Author

Booth Tarkington cover

photo credits: Wikimedia Commons

Booth Tarkington

American novelist

1869   -   1946

country of citizenship: United States of America
language of expression: English
educated at: Princeton University, Purdue University, Phillips Exeter Academy, Shortridge High School
occupation: playwright, novelist, writer, screenwriter, children's writer

Newton Booth Tarkington (July 29, 1869 – May 19, 1946) was an American novelist and dramatist best known for his novels The Magnificent Ambersons (1918) and Alice Adams (1921). He is one of only four novelists to win the Pulitzer Prize for Fiction more than once, along with William Faulkner, John Updike, and Colson Whitehead. In the 1910s and 1920s he was considered America's greatest living author. Several of his stories were adapted to film. During the first quarter of the 20th century, Tarkington, along with Meredith Nicholson, George Ade, and James Whitcomb Riley helped to create a Golden Age of literature in Indiana. Booth Tarkington served one term in the Indiana House of Representatives, was critical of the advent of automobiles, and set many of his stories in the Midwest. He eventually removed to Kennebunkport, Maine, where he continued his life work even as he suffered a loss of vision.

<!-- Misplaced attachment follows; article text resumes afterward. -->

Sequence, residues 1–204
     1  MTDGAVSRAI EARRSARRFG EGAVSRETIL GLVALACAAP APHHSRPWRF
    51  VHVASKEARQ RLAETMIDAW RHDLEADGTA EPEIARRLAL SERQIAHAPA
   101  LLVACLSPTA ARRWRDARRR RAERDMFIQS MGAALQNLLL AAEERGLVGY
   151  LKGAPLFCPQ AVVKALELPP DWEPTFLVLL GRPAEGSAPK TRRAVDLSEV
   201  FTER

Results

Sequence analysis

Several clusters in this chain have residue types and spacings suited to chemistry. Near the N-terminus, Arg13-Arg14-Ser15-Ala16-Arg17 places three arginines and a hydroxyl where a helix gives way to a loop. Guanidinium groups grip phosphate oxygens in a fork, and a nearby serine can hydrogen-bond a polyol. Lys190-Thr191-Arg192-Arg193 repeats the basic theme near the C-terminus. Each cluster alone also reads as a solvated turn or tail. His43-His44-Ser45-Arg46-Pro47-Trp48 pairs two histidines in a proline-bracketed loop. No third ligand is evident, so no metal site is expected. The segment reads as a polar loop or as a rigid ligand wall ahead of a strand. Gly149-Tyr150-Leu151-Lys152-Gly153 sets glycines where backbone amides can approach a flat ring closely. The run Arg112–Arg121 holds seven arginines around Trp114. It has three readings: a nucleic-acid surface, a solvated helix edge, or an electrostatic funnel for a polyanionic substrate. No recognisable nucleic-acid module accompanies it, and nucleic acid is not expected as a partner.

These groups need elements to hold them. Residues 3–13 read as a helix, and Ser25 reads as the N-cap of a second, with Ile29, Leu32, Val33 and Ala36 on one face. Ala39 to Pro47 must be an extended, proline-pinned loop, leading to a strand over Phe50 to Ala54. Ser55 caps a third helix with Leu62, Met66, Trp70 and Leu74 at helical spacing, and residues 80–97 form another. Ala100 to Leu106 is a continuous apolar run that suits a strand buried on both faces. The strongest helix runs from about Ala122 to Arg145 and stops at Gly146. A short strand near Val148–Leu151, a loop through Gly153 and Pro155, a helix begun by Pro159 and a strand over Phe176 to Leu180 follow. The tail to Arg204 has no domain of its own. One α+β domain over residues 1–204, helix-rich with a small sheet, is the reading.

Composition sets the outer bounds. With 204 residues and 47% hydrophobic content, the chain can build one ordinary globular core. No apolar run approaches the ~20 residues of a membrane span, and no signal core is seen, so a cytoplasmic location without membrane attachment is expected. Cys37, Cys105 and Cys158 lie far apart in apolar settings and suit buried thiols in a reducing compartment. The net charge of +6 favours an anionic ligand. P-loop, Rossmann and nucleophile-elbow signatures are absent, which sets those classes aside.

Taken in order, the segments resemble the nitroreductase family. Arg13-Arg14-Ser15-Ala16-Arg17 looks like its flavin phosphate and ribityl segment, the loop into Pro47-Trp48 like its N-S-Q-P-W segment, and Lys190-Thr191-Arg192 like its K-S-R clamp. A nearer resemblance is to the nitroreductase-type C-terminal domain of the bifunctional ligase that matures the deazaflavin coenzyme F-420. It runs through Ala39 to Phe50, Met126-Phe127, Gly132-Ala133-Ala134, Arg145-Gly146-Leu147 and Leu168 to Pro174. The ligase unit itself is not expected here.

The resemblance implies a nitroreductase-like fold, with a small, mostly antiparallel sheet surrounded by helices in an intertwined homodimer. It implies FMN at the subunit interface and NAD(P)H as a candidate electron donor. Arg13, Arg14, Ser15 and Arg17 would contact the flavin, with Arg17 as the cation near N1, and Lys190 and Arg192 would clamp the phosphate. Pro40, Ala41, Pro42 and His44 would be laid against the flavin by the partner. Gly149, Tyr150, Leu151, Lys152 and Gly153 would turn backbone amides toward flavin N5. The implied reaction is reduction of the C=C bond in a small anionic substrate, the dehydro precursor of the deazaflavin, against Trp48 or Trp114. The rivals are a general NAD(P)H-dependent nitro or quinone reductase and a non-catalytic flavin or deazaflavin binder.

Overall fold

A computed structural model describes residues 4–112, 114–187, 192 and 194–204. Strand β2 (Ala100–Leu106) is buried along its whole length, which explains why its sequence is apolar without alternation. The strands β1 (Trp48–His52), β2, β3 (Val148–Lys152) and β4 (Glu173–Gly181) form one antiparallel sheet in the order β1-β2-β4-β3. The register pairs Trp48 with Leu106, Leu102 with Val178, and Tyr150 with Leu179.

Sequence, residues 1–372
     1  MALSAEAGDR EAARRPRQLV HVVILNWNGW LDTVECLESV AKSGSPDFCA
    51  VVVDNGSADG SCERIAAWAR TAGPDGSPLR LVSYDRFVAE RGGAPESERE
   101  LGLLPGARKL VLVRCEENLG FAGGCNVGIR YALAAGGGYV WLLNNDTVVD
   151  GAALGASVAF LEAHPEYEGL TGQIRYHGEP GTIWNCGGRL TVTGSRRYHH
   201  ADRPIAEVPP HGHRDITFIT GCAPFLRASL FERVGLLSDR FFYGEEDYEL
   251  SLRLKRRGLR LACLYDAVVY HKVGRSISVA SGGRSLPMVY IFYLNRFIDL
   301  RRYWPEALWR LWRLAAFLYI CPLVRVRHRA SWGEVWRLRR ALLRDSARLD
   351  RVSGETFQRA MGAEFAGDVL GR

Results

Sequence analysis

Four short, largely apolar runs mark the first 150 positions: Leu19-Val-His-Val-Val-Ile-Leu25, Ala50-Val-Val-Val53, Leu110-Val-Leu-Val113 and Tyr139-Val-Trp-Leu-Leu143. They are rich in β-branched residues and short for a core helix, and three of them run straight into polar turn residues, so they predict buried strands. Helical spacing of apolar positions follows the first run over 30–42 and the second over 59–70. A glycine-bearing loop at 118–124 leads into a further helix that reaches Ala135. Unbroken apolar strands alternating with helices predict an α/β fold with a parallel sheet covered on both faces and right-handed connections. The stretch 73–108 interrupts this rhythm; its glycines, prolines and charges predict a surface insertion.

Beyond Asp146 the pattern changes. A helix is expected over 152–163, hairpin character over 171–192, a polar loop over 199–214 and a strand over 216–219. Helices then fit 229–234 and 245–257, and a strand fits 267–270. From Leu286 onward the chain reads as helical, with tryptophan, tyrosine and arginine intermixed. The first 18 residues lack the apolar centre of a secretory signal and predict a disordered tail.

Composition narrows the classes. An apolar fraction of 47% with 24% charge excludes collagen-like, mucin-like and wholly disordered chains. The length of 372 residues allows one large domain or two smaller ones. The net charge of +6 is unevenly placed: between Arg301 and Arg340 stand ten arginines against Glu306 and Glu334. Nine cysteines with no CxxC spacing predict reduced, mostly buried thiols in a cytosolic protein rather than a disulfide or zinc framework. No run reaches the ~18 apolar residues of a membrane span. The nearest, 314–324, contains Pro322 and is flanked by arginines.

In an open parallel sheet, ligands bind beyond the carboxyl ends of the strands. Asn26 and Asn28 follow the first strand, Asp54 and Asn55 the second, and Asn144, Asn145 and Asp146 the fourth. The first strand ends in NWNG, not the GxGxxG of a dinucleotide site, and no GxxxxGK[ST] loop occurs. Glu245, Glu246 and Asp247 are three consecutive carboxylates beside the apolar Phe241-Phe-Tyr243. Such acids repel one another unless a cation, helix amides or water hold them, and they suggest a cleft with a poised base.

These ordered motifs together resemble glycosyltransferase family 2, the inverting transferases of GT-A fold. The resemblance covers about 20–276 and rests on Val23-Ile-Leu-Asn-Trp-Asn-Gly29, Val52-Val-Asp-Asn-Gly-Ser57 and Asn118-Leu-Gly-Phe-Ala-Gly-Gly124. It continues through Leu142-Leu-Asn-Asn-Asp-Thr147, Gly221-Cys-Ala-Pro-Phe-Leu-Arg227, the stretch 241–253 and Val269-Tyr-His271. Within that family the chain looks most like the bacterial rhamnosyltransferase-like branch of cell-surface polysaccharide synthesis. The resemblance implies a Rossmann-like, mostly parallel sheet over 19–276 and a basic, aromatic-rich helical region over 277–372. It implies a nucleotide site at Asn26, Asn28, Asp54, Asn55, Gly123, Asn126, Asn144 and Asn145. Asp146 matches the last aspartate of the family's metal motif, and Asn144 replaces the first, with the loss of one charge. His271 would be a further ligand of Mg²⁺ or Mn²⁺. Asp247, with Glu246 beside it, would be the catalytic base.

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Series

0

Works

10

Alice Adams

1921 Pulitzer Prize winning novel by Booth Tarkington

author: Booth Tarkington

1921

The Magnificent Ambersons

novel by Booth Tarkington

author: Booth Tarkington

1918

Monsieur Beaucaire

book by Booth Tarkington

author: Booth Tarkington

1900

Penrod

book by Booth Tarkington

author: Booth Tarkington

1914

Penrod Jashber

book by Booth Tarkington

author: Booth Tarkington

1929

Penrod and Sam

book by Booth Tarkington

author: Booth Tarkington

1916

Seventeen

humorous novel by Booth Tarkington

author: Booth Tarkington

1916

Gentle Julia

book by Booth Tarkington

author: Booth Tarkington

1922

The Turmoil

1930 novel written by Booth Tarkington

author: Booth Tarkington

1930

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